Fresh Organic Wasabi

Chef Tracy Griffith

Wasabi, or Japanese horseradish, has become increasingly popular among educated American foodies, not to mention sushi devotees. A member of the Brassica vegetable family (broccoli, cauliflower, cabbage, Brussels sprouts), it aids in digestion and even helps slow cancer cell growth.

Chefs generally prefer to use fresh wasabi instead of prepared wasabi powder or paste. Be sure to peel it before grating it, says Chef Tracy Griffith of Rika Restaurant on Los Angeles’ Sunset Strip and author of Sushi American Style. (She’s also actress Melanie Griffith’s sister and the first female graduate of the prestigious California Sushi Academy.)

“Peel it with the back of a teaspoon to get the gnarly bits off,” she tells Organic Authority. “Then use a ginger grater or wasabi grater to grate.”

Feel a bit intimidated? Not to worry.

“If you can peel and grate ginger, you can peel and grate wasabi,” Chef Griffith says. “Fresh wasabi is wonderful—much sweeter and complex-tasting than the paste you usually get in sushi bars. This is because wasabi is so very expensive—about $30 an ounce—but you don’t need much. It’s worth the expense!”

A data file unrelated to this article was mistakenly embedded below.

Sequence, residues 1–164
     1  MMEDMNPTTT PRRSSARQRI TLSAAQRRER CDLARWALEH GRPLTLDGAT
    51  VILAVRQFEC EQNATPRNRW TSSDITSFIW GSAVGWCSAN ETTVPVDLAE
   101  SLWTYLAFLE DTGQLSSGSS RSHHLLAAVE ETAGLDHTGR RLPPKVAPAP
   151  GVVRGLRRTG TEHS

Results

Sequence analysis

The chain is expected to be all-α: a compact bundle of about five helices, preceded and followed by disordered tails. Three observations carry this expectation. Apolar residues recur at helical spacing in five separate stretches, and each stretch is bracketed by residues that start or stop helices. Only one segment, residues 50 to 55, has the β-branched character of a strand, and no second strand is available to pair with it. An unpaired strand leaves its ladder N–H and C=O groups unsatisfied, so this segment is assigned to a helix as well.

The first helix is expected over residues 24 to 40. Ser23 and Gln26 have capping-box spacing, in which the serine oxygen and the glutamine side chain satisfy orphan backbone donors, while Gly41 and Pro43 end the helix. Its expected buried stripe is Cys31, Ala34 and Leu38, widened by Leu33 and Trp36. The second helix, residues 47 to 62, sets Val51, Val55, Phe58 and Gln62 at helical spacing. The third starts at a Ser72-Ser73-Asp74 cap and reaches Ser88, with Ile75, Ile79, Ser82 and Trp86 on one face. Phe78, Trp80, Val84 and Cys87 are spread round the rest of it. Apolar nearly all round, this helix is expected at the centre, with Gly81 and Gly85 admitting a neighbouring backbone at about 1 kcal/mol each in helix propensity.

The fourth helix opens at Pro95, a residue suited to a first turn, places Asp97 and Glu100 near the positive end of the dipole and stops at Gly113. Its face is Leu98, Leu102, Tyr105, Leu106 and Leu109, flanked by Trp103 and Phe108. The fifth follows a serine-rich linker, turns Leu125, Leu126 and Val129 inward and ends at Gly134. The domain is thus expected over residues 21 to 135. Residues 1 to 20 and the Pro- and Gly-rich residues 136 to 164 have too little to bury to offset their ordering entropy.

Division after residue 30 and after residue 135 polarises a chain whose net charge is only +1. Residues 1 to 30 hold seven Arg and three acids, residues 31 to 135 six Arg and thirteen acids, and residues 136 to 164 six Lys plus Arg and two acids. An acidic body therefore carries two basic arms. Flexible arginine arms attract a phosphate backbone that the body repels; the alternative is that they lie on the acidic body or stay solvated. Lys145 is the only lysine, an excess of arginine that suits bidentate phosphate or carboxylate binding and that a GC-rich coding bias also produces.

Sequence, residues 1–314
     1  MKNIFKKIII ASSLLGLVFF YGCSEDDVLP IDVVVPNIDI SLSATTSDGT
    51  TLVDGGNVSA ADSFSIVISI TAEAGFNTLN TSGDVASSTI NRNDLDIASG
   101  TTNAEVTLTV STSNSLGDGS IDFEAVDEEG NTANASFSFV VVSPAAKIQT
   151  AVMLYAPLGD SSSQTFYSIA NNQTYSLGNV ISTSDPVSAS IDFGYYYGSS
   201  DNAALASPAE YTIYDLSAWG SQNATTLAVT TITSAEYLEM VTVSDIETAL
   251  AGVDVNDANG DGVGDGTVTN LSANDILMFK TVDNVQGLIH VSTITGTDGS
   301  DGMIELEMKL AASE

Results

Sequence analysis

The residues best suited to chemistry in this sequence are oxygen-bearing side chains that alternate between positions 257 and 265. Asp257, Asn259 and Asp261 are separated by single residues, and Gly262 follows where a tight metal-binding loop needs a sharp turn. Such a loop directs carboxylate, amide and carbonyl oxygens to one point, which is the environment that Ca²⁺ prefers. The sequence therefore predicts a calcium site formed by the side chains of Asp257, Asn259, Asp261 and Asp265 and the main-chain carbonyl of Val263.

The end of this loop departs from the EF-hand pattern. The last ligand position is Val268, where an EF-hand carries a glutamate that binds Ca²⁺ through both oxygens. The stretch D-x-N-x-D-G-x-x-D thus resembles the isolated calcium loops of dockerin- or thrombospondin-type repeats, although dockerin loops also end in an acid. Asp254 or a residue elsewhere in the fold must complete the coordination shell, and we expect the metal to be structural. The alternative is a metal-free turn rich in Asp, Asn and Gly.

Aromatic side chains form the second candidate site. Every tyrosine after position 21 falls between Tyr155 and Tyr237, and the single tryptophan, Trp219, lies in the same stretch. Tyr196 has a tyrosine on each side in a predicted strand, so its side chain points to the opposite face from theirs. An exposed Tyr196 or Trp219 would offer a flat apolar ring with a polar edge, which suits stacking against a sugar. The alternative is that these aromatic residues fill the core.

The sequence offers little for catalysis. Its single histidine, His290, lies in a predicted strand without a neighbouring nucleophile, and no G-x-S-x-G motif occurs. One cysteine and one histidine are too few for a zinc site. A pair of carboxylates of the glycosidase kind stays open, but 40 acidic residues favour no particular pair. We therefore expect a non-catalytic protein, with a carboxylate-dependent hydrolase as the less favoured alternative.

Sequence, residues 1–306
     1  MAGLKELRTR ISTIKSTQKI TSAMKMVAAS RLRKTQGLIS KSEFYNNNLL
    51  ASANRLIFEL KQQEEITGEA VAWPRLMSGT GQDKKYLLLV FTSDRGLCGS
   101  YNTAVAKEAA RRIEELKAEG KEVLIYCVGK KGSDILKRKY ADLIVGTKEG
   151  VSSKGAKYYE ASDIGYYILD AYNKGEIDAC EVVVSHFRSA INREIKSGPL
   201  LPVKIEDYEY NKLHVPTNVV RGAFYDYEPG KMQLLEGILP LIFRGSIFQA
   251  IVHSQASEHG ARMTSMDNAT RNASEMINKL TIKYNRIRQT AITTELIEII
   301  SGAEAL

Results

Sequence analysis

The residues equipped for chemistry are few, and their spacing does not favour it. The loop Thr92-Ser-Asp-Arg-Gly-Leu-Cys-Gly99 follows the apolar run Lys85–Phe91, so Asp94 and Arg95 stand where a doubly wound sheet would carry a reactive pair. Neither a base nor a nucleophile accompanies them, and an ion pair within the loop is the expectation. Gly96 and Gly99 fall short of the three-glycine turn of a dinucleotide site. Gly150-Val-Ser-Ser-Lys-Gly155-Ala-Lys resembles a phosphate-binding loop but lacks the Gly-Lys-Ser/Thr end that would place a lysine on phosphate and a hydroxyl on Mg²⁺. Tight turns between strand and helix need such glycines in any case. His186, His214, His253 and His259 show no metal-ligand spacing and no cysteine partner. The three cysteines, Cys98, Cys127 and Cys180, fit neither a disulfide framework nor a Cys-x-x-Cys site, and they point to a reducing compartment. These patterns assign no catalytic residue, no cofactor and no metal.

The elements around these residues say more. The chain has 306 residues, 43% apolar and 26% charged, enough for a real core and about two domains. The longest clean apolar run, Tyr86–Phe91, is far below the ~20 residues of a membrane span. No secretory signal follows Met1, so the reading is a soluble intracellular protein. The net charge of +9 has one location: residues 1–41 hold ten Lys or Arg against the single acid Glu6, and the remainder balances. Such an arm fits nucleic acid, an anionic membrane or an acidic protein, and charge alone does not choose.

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  • Dr Brian Oates  January 27, 2006 at 7:54 am

    Just a note to let you know that you can buy fresh Wasabi grown in North America. Pacific Coast Wasabi Ltd is the only commercial grower of Wasabi on the continent. Check out our website or call me directly at: 604.351.0969. Our website will be updated within the next week or so.

    Brian Oates

  • Neil Kelley  December 9, 2007 at 11:02 pm

    Actually I believe Real Wasabi is another producer in North Carolian that sells freshly grown Wasabi, but it’s the only other place I’ve read about.

  • Uncle Frog  May 24, 2008 at 12:58 pm

    Fresh wasabi is very difficult to find in our area. I’m glad the others have commented on where to find some in the US. Wasabi paste is great, but nothing compares to fresh ingredients.

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